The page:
In Circus Circus Casinos, Inc. d/b/a Circus Circus Las Vegas and Michael Schramm, 2018 NLRB LEXIS 215, Case 28-CA-120975 (Jun. 15, 2018), the Board adopted the Administrative Law Judge’s finding that the employer violated a bargaining unit employee’s Weingarten rights by denying a union representative at a due process meeting concerning the employee’s suspension from work.

At the meeting, the employee mentioned to his employer that he had telephoned the union and left messages asking for help. The employee explained that he called the union three times and notified it of the scheduled meeting, but that nobody from the union showed up at the meeting.

Interestingly, at the meeting itself, the employee never actually asked for a union representative and did not specifically invoke Weingarten. Rather, the employee simply explained that he was present at the meeting without representation after unsuccessfully trying to obtain the union’s assistance.

The Board—in a 2-1 vote, with Chairman Ring dissenting—held that the employee’s statements were sufficient to put the employer on notice that the employee desired union representation. In the very short opinion, the Board cited to Houston Coca Cola Bottling Co., 265 NLRB 1488 (1982) and Consolidated Edison Co. of New York, 323 NLRB 910, 916 (1997) to support the finding that Weingarten requests are meant to be construed liberally.

The Board declared that “[n]o magic or special words are required [to trigger a Weingarten request] . . . . It is enough if the language used by the employee is reasonably calculated to apprise the [e]mployer that the employee is seeking such assistance.” Circus Circus Casinos, Inc., 2018 NLRB LEXIS 215 at **4-5.

The Board further explained that statements or inquiries such as “I would like someone there [who] could explain to me what was happening,” “[s]hould I have someone in here with me, someone from the union[?]” or whether a witness was needed at the meeting were all sufficient enough to trigger Weingarten rights.

Of course, the Board does not hear federal sector cases; the Federal Labor Relations Authority (the “Authority”) does. Notwithstanding, the Authority’s guidance on investigatory meetings is premised upon the same Weingarten Supreme Court case, and the “[t]he Authority has concluded that the ‘purposes underlying the Weingarten right in the private sector—promoting a more equitable balance of power and preventing unjust disciplinary actions and unwarranted grievances—also applies to the right to representation created by section 7114(a)(2)(B)’” of the Labor Statute governing federal sector labor-management relations.

Moreover, federal sector case law appears to already comport with the concepts of liberal construction emphasized in the Board’s Circus Circus Casinos, Inc. decision. For example, the Authority previously has held that “no specific format is required,” and that the employee’s request must merely “put the employer on notice that the employee desires representation.” See Norfolk Naval Shipyard, Portsmouth, Va, 35 FLRA 1069, 1074 (1990).

The types of statements made by the employee to his employer in Circus Circus Casinos, Inc. regarding unsuccessful attempts to obtain union representation would likely trigger Weingarten under the Authority’s test.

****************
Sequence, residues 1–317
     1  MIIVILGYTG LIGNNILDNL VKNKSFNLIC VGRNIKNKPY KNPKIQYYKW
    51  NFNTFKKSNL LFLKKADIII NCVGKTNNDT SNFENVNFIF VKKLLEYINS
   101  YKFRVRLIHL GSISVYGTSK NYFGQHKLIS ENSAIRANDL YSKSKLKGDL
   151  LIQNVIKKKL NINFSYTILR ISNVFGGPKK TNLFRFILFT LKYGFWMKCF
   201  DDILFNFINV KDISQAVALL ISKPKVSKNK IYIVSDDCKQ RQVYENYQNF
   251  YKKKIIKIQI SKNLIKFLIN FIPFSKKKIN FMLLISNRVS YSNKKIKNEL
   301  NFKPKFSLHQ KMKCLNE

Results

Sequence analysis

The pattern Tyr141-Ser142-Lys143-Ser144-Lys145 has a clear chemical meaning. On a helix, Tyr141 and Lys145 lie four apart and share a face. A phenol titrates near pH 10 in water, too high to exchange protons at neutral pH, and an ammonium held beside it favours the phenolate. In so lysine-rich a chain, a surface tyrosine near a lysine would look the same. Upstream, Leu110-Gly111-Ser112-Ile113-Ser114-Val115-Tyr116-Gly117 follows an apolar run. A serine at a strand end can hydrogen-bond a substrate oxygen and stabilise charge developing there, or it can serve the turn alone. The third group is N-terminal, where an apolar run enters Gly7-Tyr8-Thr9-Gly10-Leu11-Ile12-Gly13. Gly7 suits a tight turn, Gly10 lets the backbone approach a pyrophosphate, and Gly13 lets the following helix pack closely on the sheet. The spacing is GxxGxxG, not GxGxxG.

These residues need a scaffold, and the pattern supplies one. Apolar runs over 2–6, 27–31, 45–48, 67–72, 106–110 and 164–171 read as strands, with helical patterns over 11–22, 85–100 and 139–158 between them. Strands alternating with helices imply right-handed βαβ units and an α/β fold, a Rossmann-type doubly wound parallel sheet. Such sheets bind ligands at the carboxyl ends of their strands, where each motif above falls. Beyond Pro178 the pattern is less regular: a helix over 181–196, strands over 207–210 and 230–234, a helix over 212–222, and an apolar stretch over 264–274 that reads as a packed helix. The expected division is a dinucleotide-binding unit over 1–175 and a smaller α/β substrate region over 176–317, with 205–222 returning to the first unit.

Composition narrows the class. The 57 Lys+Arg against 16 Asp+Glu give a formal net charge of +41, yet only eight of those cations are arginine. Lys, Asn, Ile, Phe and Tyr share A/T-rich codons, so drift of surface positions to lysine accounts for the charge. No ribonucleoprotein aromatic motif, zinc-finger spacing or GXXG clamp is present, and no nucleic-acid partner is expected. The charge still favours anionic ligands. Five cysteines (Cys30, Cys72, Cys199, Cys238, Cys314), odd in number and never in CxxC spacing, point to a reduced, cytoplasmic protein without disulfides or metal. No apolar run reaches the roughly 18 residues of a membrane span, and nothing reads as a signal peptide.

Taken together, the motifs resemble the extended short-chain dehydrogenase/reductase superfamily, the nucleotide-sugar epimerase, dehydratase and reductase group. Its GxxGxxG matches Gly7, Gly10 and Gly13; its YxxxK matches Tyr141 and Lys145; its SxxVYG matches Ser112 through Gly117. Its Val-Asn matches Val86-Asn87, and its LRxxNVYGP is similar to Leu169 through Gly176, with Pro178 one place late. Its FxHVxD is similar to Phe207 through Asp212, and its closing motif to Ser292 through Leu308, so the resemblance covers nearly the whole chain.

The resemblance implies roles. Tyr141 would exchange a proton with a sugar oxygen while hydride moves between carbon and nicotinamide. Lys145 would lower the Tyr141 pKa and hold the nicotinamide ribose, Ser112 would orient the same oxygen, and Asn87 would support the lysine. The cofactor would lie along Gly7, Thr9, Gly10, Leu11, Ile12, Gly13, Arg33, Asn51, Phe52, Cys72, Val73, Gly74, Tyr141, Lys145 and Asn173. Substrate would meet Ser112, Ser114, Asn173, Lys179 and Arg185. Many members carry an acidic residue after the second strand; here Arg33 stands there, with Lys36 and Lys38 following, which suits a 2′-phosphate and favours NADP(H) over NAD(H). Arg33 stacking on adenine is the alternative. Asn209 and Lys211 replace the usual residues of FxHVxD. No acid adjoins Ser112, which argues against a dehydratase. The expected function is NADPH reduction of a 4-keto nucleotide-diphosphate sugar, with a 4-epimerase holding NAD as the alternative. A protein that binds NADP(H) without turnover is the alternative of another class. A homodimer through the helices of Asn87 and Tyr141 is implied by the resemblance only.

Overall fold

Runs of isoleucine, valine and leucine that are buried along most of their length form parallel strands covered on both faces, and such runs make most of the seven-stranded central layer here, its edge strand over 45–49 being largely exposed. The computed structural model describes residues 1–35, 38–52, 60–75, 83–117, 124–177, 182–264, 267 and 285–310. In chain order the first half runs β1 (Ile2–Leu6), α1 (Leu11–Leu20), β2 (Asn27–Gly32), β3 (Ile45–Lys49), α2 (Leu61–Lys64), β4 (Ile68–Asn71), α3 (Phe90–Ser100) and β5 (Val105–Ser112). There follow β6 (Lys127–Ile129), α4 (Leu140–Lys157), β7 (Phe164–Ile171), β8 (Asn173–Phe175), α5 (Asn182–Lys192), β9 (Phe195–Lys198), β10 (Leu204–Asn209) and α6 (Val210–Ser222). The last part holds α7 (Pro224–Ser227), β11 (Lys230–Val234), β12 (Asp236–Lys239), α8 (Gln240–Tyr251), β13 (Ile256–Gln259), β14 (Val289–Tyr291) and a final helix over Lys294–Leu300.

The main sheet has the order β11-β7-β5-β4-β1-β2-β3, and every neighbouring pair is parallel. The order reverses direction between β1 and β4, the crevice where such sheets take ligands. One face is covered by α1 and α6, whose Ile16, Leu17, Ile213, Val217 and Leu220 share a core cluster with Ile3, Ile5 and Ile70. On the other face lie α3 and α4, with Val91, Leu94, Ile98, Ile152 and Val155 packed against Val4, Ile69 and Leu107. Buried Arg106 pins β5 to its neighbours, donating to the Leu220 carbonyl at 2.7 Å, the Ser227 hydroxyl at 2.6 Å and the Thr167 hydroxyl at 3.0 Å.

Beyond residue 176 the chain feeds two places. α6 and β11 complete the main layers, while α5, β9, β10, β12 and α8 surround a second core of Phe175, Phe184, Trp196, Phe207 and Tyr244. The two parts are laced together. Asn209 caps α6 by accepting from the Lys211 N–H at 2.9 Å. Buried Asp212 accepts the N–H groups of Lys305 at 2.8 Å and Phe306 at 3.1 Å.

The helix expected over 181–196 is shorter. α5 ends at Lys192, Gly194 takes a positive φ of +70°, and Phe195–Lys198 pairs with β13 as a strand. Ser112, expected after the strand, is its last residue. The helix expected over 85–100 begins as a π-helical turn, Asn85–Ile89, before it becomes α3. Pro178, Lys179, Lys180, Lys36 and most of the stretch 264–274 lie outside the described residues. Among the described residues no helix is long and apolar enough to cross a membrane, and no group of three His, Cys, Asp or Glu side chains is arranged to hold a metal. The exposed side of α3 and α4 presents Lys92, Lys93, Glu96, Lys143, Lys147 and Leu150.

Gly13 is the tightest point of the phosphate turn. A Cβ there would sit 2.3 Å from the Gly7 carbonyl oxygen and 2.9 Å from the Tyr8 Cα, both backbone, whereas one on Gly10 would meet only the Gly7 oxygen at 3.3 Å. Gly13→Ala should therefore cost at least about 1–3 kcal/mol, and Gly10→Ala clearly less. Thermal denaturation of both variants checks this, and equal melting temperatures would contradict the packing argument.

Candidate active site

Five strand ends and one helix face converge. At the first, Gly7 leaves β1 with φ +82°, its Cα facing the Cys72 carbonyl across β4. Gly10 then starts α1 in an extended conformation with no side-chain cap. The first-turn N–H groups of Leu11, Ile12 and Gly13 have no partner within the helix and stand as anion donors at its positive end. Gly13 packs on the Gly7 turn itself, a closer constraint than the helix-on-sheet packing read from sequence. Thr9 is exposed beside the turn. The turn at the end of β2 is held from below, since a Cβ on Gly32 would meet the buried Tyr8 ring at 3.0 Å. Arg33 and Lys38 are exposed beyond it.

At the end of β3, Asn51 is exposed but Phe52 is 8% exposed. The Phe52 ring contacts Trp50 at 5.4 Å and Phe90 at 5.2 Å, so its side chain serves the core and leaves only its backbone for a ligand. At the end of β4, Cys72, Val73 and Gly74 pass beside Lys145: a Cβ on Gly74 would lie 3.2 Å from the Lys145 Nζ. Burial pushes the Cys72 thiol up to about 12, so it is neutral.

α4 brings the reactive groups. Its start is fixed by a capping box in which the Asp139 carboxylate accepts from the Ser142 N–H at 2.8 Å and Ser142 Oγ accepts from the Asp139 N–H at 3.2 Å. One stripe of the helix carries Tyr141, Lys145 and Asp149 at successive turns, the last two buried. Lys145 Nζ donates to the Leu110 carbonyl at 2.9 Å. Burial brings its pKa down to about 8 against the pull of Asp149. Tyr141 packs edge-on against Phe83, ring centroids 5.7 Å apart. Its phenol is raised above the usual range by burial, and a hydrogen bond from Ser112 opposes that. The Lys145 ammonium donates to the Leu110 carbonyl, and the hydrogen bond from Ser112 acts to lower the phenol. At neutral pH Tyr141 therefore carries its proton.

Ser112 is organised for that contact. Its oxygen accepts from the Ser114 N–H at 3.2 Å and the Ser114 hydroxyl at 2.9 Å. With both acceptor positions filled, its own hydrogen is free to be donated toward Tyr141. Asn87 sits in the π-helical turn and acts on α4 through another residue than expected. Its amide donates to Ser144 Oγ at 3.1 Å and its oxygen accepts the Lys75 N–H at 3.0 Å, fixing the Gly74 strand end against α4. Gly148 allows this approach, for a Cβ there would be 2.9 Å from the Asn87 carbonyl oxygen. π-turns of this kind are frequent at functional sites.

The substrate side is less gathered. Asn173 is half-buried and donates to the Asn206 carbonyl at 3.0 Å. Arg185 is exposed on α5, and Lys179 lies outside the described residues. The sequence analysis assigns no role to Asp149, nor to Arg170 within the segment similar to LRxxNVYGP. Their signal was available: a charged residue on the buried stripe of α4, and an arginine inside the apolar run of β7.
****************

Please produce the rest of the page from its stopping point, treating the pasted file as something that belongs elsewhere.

Going forward in the federal sector, the Authority will most likely construe Weingarten liberally and in a manner consistent with the Board’s Circus Circus Casinos, Inc. decision.

Accordingly, federal agency supervisors should realize that an employee’s references to attempts to obtain union representation should be sufficient to trigger the Weingarten right, even if the employee does not explicitly ask for a union representative at the particular meeting at issue. Agency officials should be cautious in situations where there are indications that an employee may have wanted union representation.

Jeffrey Lorek is a labor and employment litigation attorney for the Department of the Air Force and has published several articles on various labor and employment law topics. The views expressed in this article are solely the views of the author, and do not reflect the views of the government, the Department of Defense, the U.S. Air Force, or

Don’t Pull The Tapes: Employer Dinged By NLRB For Surveilling Employee Union Activity On Video Archives

Article By: David J. Pryzbylski

The National Labor Relations Act (NLRA) puts limits on what employers can do if/when their employees express interest in forming a union in the workplace. Generally, employers cannot threaten employees based on their union activity; interrogate workers about their union activity, sentiments, etc.; make promises to employees to induce them to forgo joining a union; or engage in surveillance (i.e., spying) on workers’ union organizing efforts. To the extent an employer violates the NLRA by engaging in these acts, it can negatively affect union election results and result in other penalties.

A recent decision from the National Labor Relations Board (NLRB) offers a reminder that employers must tread carefully when union activity is afoot in their workplaces. In AdvancePierre Foods, Inc., which was decided by the board on July 19, an employer was found to violate the NLRA when, among other things, it pulled archived video footage at its site upon becoming aware of union activity. During its review of the tapes, it observed two employees passing out union literature in company breakrooms and the company disciplined those employees for doing so. The NLRB found that the employer’s review of archived footage constituted unlawful surveillance of the workers’ union activity. The employer also was found to have unlawfully interrogated employees.

This case serves as an important reminder that there are very specific rules employers must abide by when union activity surfaces in the workplace, and there can be harsh consequences for companies who misstep in this area when trying to remain union-free.